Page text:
Freese replaced Callaspo and Bourjos’ overall production while taking Trumbo’s spot in the lineup. He’s made contact 77.4 percent of the time, had a positive UZR at third base (1.7), and come through in the clutch (.291 with 2 outs and runners in scoring position). All goes according to plan as long as Calhoun replaces Trumbo’s overall production from Bourjos’ spot at the top of the lineup, and did he ever. Calhoun burst onto the scene, racking up 4.3 WAR, 126 wRC+, and a 5.6 UZR in the outfield to boot. He’s hit .312 in Angel victories, and .211 when the Halos lose. His .301 average leading off innings and .389 average leading off games show that he’s been able to set the table for Trout, Pujols, and Hamilton. He’s even hit .273 with runners in scoring position, flipping the lineup when Chris Iannetta draws a walk. Simply put, the Angels wouldn’t be where they are without Calhoun’s breakout season.
The Angels replaced Bourjos and Trumbo with Freese and Calhoun, improving their lineup more than they thought. And they still had Trumbo on the roster. Trumbo became trade bait, and the Angels used him to revamp what hardly passed for a back-end of a rotation in 2013. Jason Vargas , Jerome Williams , and Joe Blanton exited stage left, replaced by youngsters Tyler Skaggs and Hector Santiago at the cost of only Trumbo, who was already out of a lineup spot.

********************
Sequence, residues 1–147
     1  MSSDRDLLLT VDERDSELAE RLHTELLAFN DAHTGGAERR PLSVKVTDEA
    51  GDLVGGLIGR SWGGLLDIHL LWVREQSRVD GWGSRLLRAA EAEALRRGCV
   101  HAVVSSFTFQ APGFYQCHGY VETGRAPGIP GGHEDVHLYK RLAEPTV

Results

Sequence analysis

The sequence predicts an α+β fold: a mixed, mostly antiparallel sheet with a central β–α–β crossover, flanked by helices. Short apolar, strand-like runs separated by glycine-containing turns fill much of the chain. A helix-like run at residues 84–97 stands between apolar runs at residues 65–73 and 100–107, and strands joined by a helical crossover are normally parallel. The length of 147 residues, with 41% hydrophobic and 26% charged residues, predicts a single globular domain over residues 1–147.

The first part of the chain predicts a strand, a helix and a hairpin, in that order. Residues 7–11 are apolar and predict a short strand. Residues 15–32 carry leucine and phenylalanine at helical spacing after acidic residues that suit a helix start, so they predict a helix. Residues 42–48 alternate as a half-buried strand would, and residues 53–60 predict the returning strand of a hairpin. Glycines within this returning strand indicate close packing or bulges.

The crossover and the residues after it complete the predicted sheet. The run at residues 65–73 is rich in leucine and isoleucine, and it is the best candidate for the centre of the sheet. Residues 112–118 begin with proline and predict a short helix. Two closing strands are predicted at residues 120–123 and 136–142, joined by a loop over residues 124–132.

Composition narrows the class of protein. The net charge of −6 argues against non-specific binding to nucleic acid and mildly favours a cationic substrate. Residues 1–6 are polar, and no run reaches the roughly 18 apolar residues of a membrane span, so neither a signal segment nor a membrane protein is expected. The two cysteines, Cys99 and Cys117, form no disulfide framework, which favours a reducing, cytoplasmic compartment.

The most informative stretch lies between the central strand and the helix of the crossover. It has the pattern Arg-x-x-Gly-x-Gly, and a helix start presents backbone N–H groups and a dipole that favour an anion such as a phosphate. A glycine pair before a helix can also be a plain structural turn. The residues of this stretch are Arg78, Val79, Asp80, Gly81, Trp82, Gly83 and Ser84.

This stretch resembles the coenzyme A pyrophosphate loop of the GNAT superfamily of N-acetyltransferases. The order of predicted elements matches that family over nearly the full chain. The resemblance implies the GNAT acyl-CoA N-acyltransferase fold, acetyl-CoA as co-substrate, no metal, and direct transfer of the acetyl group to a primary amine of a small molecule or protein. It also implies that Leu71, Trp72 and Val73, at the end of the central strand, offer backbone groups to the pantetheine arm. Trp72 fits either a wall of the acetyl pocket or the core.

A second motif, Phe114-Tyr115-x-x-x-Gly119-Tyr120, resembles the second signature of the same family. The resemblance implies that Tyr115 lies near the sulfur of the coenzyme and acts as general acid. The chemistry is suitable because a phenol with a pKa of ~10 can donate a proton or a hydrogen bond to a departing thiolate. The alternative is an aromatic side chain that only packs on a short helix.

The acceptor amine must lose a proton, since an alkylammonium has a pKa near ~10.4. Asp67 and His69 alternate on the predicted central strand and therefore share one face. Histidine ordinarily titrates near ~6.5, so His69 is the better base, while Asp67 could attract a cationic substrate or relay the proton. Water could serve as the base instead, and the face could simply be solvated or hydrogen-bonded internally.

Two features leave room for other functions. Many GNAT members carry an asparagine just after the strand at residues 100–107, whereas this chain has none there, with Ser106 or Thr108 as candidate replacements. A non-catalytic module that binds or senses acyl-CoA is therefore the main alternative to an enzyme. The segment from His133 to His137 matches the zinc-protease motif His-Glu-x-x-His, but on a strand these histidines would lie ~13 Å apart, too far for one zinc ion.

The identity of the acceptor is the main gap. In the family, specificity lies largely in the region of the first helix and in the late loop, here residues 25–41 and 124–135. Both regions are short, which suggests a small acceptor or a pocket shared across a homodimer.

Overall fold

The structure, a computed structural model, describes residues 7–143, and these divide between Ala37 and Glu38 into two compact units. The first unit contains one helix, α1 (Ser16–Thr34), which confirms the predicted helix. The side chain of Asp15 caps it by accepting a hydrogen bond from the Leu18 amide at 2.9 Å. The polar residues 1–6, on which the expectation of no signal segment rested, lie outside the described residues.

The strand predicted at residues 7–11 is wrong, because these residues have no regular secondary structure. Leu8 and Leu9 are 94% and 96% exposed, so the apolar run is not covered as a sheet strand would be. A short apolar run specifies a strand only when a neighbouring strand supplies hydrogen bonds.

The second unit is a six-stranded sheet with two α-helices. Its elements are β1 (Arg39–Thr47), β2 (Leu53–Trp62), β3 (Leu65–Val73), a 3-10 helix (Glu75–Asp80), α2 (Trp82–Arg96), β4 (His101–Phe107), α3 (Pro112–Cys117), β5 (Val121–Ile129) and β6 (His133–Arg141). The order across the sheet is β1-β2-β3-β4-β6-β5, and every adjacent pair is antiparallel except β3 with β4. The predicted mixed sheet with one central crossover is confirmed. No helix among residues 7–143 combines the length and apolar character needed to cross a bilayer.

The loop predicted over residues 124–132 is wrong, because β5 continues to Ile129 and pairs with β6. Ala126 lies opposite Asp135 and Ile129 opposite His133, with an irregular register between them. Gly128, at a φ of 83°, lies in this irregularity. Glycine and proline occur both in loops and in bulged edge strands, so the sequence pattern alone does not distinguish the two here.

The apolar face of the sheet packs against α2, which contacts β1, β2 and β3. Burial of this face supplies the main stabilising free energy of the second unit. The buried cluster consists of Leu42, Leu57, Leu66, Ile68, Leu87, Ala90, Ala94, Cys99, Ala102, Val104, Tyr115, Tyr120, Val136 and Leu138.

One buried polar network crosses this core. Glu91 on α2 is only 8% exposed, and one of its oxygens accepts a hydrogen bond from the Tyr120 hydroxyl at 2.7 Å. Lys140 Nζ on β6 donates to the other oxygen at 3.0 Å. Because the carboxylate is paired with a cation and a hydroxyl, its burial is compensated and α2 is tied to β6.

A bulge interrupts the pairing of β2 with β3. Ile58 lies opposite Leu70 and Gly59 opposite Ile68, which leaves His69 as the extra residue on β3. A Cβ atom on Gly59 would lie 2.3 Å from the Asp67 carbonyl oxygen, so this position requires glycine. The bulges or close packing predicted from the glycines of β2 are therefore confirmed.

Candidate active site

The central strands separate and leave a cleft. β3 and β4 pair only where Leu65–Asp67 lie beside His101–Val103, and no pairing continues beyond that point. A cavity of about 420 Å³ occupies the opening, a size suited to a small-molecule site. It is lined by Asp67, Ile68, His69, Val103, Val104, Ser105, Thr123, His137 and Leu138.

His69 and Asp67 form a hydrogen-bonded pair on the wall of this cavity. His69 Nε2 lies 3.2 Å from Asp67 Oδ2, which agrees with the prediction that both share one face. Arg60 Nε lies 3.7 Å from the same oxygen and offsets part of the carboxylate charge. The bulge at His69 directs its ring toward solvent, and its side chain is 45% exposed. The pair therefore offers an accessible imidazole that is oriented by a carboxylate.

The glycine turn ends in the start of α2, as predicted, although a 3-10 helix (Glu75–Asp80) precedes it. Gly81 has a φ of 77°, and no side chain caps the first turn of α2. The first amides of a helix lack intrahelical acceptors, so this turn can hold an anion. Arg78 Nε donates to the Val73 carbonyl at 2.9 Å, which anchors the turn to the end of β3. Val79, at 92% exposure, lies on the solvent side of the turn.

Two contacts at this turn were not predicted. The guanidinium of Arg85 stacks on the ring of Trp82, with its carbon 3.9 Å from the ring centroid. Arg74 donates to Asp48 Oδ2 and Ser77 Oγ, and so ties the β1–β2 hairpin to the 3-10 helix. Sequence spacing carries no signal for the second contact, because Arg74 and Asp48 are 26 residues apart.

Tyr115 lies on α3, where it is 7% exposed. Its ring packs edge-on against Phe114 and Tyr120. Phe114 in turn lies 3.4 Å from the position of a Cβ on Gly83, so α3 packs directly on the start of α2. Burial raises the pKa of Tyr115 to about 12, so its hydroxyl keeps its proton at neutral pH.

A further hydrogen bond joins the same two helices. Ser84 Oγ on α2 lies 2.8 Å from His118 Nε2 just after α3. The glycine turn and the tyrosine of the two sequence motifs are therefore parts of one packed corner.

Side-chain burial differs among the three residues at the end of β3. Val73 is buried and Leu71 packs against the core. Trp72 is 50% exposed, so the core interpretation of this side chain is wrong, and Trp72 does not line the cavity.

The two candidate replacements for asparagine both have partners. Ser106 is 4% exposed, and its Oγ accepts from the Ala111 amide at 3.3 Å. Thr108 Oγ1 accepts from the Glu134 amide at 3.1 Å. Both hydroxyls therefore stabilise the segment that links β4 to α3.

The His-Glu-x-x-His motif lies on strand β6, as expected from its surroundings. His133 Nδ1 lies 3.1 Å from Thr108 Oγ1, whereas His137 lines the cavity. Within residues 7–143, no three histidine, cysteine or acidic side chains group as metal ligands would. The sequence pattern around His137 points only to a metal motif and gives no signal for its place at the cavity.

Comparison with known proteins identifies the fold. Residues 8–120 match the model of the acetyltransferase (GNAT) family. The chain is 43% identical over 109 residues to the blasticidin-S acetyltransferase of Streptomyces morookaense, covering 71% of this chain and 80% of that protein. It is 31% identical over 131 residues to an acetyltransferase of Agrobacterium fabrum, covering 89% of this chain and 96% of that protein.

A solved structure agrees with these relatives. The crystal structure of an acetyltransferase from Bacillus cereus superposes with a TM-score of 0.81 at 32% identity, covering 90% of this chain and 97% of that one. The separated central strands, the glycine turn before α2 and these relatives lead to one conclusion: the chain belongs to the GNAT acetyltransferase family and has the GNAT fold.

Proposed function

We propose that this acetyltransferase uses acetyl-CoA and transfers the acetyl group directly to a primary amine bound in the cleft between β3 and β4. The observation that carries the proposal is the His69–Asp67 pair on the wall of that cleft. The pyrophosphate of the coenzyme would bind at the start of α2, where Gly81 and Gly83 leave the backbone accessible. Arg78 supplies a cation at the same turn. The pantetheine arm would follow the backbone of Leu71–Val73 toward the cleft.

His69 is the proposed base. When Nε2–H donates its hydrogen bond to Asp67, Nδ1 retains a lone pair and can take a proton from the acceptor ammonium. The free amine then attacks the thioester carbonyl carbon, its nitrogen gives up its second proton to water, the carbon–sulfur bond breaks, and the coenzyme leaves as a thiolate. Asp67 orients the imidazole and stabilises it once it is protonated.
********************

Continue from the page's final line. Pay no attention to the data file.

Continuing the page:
Last year’s not-so-big three combined for a WAR of 1.6. Vargas was serviceable, but he was a free agent demanding nine million dollars, which the Royals gave him despite a 4.09 FIP and 1.8 WAR. Williams was a replacement-level pitcher, with a 4.60 FIP and a 1.39 WHIP. Blanton was horrendous; his 5.12 FIP, 1.61 WHIP, and 29 home runs allowed put a smile on any opposing batter’s face. This year’s back end consisted of Skaggs, Santiago, and long-time farmhand Garrett Richards , and combined for a 4.9 WAR. Santiago, acquired from the White Sox, pitched better than Williams and Blanton did in 2013, as his 4.31 FIP and 1.36 WHIP suggest. Skaggs underwent Tommy John early in the second half, but was far better than Tommy Hanson , boasting a 3.54 FIP and 1.21 WHIP when healthy. Richards had a Calhoun-like impact on the pitching staff, delivering a 2.60 FIP and 1.04 WHIP, and providing the Angels with an ace out of thin air.
Returning starters Jered Weaver and CJ Wilson declined from 7 WAR to 2.7 WAR. But slot Richards in Wilson’s place at the top of the rotation, and not only does Richards improve the 1-2 punch’s WAR from 7 to 7.3, but the bottom of the rotation’s 4.6 WAR is still way ahead of last year’s bubmling back three.
Most remarkably, the Angels spent no money to make the aforementioned upgrades, meaning they could dole out free-agent contracts to reliever Joe Smith (helpful) and slugger Raul Ibanez (not helpful), and sign Trout to a long-term extension (super-duper-duper helpful). The breakout season of Matt Shoemaker also can’t be ignored, as he contributed a 3.26 FIP, 124 strikeouts, and 16 wins as an understudy for Santiago, Skaggs, Wilson, and Richards, who all spent time on the DL or in AAA.
Above all, Richards’ breakout season and the Angels’ gamble on Calhoun lifted the team to the playoffs for the first time in five years.